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The Walls Come Tumbling Down 1300-1415

IN THE MIDDLE AGES, when knights fought wars in Europe’s fields, robbers roamed the roads and the dark forests seemed filled with unknown dangers, men put their trust in walls. Around each little town rose ramparts of massive stonework, a strong defense against the evils outside. Within the safety of the wall was a crowded little world, complete in itself — a castle‚ a church, a monastery or two, a marketplace and a tangle of cobbled streets lined with the thatch-roofed houses of townsmen.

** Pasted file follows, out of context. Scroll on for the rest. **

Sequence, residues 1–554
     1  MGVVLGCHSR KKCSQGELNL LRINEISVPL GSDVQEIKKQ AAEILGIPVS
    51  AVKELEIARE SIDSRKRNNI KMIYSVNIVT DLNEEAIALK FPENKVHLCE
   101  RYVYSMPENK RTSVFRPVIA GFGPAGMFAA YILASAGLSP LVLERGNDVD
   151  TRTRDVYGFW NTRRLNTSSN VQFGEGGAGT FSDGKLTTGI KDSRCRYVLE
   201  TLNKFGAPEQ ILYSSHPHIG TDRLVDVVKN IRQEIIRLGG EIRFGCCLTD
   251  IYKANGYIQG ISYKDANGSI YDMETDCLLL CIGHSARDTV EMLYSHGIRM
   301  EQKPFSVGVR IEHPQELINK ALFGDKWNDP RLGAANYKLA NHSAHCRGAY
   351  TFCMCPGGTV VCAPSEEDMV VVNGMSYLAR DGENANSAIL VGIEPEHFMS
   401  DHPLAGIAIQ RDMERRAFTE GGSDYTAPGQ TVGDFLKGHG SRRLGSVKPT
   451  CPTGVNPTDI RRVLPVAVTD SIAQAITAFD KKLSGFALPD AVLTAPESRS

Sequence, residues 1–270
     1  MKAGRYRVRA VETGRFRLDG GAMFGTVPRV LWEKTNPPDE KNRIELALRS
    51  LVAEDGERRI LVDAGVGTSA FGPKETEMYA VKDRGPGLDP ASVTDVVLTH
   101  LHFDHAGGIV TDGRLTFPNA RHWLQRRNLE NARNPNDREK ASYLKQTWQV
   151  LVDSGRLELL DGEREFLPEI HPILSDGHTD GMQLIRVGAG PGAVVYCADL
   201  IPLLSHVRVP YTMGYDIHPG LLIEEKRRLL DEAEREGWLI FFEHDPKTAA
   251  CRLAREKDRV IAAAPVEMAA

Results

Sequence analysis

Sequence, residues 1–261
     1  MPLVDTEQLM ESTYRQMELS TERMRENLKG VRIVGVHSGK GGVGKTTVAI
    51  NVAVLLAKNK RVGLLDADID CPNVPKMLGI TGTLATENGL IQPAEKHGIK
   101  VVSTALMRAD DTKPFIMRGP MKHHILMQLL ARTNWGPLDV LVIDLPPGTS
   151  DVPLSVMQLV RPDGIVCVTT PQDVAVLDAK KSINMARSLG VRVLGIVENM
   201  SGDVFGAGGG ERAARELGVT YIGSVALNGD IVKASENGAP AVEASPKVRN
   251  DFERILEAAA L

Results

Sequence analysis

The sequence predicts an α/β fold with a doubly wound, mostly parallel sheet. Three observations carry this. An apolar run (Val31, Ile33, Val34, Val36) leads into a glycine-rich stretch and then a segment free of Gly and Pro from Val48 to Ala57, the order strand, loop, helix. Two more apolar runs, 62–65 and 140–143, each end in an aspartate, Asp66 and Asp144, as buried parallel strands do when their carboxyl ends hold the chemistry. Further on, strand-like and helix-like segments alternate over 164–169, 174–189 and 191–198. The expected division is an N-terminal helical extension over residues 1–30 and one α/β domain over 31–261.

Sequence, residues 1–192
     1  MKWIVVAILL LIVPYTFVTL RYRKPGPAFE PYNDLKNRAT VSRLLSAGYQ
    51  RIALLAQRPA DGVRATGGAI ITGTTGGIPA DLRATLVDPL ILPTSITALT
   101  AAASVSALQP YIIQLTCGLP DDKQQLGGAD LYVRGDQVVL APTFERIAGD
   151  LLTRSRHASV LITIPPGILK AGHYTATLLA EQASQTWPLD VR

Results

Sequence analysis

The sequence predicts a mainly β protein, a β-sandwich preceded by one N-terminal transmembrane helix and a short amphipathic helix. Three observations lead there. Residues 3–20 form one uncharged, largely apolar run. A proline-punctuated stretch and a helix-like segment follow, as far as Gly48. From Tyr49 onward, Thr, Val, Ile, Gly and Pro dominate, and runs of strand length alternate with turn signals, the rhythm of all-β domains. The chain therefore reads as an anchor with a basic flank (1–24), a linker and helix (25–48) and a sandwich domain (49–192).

In such a town a man knew his place. He was a nobleman or a knight, a churchman, a craftsman, or a farmer and there were ancient invisible walls that marked off the little world in which each kind of person belonged. For a lord there was the realm of chivalry. He lived according to the code of knights and in time of war, put on his armour and defended the town against its enemies. In peacetime, he amused himself with hunting, banquets, poetry, music, dancing and wooing ladies in the complicated fashion called courtly love. Religion and scholarship were the territory of monks, priests and bishops. They were men who had learned to read the Bible and other books and who understood the Latin of church services. For commoners, there was work on land owned by the nobles and in shops that served the castle. It was an orderly system and it seemed as if it would never change. No peasant dreamed of becoming a knight or questioned the wisdom of the churchmen. The invisible walls, like the walls of stone around the town, were strong and old and within them a man felt safe.